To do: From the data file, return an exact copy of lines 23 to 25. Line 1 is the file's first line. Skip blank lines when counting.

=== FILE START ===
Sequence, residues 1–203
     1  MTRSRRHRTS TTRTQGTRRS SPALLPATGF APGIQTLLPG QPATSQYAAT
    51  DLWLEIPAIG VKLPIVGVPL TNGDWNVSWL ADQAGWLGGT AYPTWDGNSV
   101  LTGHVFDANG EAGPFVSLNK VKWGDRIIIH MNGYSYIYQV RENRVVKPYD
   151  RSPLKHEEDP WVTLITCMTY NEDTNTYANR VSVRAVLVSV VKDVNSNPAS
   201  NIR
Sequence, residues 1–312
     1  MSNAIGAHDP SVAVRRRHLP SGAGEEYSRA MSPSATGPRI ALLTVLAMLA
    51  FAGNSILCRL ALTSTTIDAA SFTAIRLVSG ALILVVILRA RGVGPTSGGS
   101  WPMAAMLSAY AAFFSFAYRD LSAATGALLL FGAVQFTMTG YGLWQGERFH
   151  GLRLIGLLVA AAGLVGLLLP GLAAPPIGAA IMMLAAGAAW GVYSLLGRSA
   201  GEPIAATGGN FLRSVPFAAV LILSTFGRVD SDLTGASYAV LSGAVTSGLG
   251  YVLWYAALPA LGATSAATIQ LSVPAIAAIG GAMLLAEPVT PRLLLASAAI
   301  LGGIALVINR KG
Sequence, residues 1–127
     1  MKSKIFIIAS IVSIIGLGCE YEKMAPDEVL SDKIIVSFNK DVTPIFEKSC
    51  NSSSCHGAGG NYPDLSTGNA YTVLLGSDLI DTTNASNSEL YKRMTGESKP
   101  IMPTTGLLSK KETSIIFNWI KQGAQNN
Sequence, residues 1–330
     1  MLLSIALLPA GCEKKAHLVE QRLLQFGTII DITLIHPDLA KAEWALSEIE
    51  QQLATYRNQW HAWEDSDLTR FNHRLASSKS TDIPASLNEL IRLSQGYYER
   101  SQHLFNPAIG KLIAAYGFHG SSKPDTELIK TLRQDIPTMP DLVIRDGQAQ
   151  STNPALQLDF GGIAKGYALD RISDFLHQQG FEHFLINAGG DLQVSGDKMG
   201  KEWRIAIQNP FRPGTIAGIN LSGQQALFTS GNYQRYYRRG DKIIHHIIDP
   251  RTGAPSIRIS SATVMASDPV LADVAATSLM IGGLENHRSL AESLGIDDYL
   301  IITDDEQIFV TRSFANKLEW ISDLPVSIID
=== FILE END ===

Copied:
   151  STNPALQLDF GGIAKGYALD RISDFLHQQG FEHFLINAGG DLQVSGDKMG
   201  KEWRIAIQNP FRPGTIAGIN LSGQQALFTS GNYQRYYRRG DKIIHHIIDP
   251  RTGAPSIRIS SATVMASDPV LADVAATSLM IGGLENHRSL AESLGIDDYL